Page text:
1.4 The 1997 PSA Budget.......................................... 1 0
1.5 The PSA Test Facilities......................................... 1 1
1.5.1 7-MWt CESA-I Central Receiver Test Facility . 11
1.5.2 2.7-MWt SSPS-CRS Central Receiver Test
Facility ....................................................... 1 2
1.5.3 1.2-MWt SSPS-DCS Parabolic-Trough Test
Facility with Storage and Desalination.......... 1 2
1.5.4 174 kWt LS-3 Parabolic-Trough Facility........ 13
1.5.5 1.8 MWt DISS Parabolic Trough Loop .......... 1 3
1.5.6 3x 40 kWt DISTAL I Dish/Stirling Systems . 13
1.5.7 3x50 kWt DISTAL II Dish/Stirling Systems . 14
1.5.8 60-KWt High-Flux Solar Furnace................. 14
1.6 PSA Milestone Achievements 199711..................15
1.7 New Projects after 1998..................................... 16
1.7.1DISS II...................................................... 16
1.7.2EuroDish................................................... 16
1.7.3EuroTrough............................................... 16
1.8 PSA Education, Training and Scientific Cooperation18

2 Technical description and project achievements ........ 2 0

2.1 Low Temperature Applications ........................... 2 0


2.1.1The LECE.................................................. 2 0
2.1.2Infrastructure............................................ 2 1
2.1.3Ongoing Projects....................................... 2 2
2.2 Parabolic Trough Technology ............................. 28
2.2.1Direct Solar Steam (DISS) ......................... 28
2.2.2ARDISS Project ......................................... 3 4
2.2.3PAREX Project .......................................... 3 7
Annual Report ‘97 PSA vii

2.2.4Training and Mobility of Researchers


Control ..................................................... 38
2.2.5TMR Desalination Project.......................... 4 1
2.3 Dish/Stirling Systems ........................................ 4 3
2.3.1DISTAL I................................................... 43
2.3.2DISTAL II.................................................. 4 5
2.3.3HYHPIRE .................................................. 4 7

2.4 Central Receivers............................................... 49


2.4.1TSA .......................................................... 5 0
2.4.2REFOS...................................................... 5 2
2.4.3RAS.......................................................... 5 5
2.4.4VOLUMETRIC RECEIVERS ......................... 5 7
2.4.5Heliostat Technology Program .................. 5 8
2.4.6The Colón Solar Heliostat.......................... 6 1
2.4.7Colón Solar.............................................. 62
2.4.8THESEUS ................................................ 65
2.4.9SolWin..................................................... 67

2.5 Solar Chemistry................................................. 6 9


2.5.1Collaboration within the European
Commission’s TMR Program (Solar
Detoxification) .......................................... 7 0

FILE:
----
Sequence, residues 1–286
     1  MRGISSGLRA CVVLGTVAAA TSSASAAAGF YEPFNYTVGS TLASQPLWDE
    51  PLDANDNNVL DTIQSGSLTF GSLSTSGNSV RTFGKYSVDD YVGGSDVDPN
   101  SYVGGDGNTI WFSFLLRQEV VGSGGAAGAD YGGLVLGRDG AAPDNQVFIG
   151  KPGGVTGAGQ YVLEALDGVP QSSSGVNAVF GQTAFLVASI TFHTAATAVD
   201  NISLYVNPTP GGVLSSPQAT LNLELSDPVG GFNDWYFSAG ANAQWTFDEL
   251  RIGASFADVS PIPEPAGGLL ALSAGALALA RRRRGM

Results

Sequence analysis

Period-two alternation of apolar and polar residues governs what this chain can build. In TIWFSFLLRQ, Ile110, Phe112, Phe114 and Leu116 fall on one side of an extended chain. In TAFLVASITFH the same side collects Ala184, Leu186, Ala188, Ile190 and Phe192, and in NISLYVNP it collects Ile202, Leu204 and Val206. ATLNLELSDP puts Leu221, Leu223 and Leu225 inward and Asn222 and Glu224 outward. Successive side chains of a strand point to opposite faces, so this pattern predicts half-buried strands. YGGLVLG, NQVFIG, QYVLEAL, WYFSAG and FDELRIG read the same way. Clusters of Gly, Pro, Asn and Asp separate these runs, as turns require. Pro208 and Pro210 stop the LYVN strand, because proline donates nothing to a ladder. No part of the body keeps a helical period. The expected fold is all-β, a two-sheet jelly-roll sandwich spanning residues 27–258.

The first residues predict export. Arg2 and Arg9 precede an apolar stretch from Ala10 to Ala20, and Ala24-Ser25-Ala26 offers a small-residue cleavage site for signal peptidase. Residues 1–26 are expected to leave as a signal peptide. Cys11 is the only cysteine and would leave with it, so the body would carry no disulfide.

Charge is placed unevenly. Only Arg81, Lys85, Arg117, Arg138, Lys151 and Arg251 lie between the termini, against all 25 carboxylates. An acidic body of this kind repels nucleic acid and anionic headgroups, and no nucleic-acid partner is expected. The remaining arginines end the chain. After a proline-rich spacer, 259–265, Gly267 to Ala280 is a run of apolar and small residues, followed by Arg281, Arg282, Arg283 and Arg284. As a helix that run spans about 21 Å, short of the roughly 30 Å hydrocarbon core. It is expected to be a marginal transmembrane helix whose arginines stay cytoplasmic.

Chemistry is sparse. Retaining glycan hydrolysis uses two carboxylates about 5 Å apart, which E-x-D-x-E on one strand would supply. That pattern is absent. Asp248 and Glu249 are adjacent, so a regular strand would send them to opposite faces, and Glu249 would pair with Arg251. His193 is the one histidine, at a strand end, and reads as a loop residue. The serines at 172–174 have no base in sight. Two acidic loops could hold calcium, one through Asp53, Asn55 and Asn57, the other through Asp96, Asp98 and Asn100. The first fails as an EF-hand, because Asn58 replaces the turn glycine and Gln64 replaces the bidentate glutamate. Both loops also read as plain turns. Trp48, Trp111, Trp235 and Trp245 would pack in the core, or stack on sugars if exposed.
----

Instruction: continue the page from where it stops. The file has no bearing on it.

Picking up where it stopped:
2.5.2Pesticide Detoxification Project in El Ejido
(Almería) .................................................. 7 3
2.5.3Water Recovery from Olive Mill
Wastewaters after Photocatalytic
Detoxification and Disinfection (LAGAR)..... 7 5
2.5.4Solar Detoxification Technology for
Treatment of Industrial Chlorinated Water
Contaminants (SOLARDETOX) ................... 7 7
2.5.5Collaboration within the European
Commission TMR Program (TMR-
SOLFIN)..................................................... 78
2.6 Materials treatment ........................................... 8 1
2.6.1High Flux Concentration Facility (Solar
Furnace)................................................... 8 1

3 Operation & Maintenance .......................................... 8 5

3.1 Summary of Hours of Operation ........................... 8 5


3.1.1CESA-1 Facility ......................................... 8 6
3.1.2SSPS Facility ............................................ 8 7
3.1.3High Concentration Facility (HCF).............. 8 9
3.2 Maintenance Plan for 1997/98 ............................ 9 1

4. Engineering Department Activities ............................. 9 4

4.1 Overview of the Computer services ..................... 9 5


4.2 Control, Instrumentation and Monitoring ............ 9 6
viii PSA Annual Report ‘95

4.3 Flux Measurement activities ............................... 98


4.4 Supervision during the erection of the LS-3 Test
loop .................................................................. 1 0 5
4.5 Infrastructure improvements in 1997................. 1 0 7
5 Training and Educational Activities ............................ 1 0 8

6 Training and Mobility of Researchers Program ........... 1 1 0

6.1 The Program..................................................... 1 1 0


6.2 PSA Participation in European Commission Access
Programs.......................................................... 1 1 1
6.3 Current Activities ............................................... 1 1 2
6.3.1The PSA Commitments ............................. 1 1 3
6.3.2Activities in 1997 ...................................... 1 1 7

7. Summary of 1997 Meteo Data ................................. 119

7.1 Evaluation of 1997 Meteo Data......................... 120


7.1.1Distribution of Direct Radiation ............... 120
7.1.2Global radiation conditions...................... 121
7.1.3Temperatures ......................................... 122
7.1.4Distribution of Relative Humidity ............. 123
7.1.5Wind Distribution in Tabernas ................. 123

Appendix 1 Project Descriptions.................................. 125

Appendix 2 List of Collaborating Institutions and


Companies ............................................... 160

Appendix 3 List of Publications ................................... 167

Appendix 4 Project Contact Persons and


PSA World Wide Web Pages ...................... 174